$ \int_{1}^{2} xe^{\lfloor x\rfloor +\lfloor x^3\rfloor }\,dx $

Where $\lfloor x\rfloor $ is floor function or greatest integer function

I thought since the limits are from $1$ to $2$ then I can integrate

$\int_{1}^{2} xe^{x+x^3}\,dx $

Then I tried solving via by parts by differentiating $x$ and integration the exponential function but that didn't seem to work.

How should i approach this question and other variations involving gif ?


2 Answers 2


$1^3=1$ and $2^3=8$, so the integral will need to be split into pieces for each cube root in between. And since $\lfloor x \rfloor$ is constant itself on the interval, we only have one sum in the potential double sum:

$$I = \sum_{n=1}^7 \int_\sqrt[3]{n}^\sqrt[3]{n+1}x e^{1+n}\:dx$$


Let $x$ be a real number, we always have $\lfloor x\rfloor=n$ iff $n\leqslant x<n+1$. Then, over $[1,2[$ we have $\lfloor x\rfloor =1$. Similarly, $\lfloor x^3\rfloor=n$ iff $n\leqslant x^3<n+1$, then we need break the integral up into pieces of the form $\displaystyle \int_{n^{1/3}}^{(n+1)^{1/3}}xe^{1+n}dx$. Then, the sum of these pieces over all $n$ in $[|1,7|]$. Thus, $$\int_{1}^{2}xe^{\lfloor x\rfloor+\lfloor x^3\rfloor}dx=\sum_{n\in [|1,7|]}\int_{n^{1/3}}^{(n+1)^{1/3}}xe^{1+n}dx=\sum_{n\in [|1,7|]}\left(\frac{(n+1)^{2/3}-n^{2/3}}{2}\right)e^{n+1}\approx 829.0996$$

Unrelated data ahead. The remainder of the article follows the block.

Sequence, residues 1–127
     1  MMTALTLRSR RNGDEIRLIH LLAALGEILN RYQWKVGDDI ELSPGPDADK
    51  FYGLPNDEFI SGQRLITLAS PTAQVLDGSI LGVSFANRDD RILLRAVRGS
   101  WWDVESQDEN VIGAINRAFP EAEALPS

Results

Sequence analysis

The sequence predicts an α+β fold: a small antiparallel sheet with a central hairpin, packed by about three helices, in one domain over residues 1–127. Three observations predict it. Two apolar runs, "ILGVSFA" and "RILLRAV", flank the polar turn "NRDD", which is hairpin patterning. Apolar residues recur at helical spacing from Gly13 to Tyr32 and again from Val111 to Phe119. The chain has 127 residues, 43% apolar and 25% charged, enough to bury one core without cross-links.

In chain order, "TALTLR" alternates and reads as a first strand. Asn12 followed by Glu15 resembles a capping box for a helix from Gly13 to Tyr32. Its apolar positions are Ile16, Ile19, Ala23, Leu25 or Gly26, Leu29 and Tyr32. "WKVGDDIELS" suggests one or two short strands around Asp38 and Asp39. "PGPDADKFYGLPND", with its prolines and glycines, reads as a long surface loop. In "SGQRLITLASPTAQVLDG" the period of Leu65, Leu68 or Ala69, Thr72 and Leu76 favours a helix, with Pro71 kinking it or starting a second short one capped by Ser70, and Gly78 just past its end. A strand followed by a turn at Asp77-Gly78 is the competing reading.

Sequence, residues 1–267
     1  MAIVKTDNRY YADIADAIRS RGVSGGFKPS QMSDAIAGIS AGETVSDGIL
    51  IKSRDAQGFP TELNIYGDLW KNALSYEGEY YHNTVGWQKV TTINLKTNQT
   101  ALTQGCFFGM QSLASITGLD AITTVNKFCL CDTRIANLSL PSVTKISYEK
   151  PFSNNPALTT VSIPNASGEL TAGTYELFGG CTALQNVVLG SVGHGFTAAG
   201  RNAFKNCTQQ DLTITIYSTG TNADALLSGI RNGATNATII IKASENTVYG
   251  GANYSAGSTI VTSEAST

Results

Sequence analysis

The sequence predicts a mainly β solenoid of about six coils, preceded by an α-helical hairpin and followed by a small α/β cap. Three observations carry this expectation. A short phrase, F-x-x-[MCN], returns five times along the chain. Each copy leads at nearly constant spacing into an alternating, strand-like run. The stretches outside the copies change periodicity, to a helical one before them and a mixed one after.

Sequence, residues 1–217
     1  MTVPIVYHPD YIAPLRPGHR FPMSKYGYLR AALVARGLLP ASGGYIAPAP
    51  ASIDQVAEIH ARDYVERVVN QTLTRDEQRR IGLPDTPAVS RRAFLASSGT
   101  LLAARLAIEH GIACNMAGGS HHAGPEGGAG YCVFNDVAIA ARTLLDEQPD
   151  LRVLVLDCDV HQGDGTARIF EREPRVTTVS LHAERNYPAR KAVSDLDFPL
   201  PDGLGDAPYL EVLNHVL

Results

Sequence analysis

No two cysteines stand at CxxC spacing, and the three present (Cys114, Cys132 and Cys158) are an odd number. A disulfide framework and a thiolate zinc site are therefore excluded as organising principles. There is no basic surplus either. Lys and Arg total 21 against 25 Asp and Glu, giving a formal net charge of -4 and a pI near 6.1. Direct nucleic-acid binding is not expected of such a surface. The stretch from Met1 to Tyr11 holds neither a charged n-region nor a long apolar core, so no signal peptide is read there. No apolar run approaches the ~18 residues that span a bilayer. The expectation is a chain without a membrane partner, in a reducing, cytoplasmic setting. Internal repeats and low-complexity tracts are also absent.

Edit: corrected.

  • 2
    $\begingroup$ That's close, except in OP's problem the cube is inside of the floors. The answer is a little more complicated than that. $\endgroup$ Jan 30 at 16:46
  • 1
    $\begingroup$ @NinadMunshi: I have restored and corrected my answer using your observation so that the effort has not been in vain. I have added a numerical approximation of the value of the integral. $\endgroup$
    – A. P.
    Jan 30 at 17:26

You must log in to answer this question.

Not the answer you're looking for? Browse other questions tagged .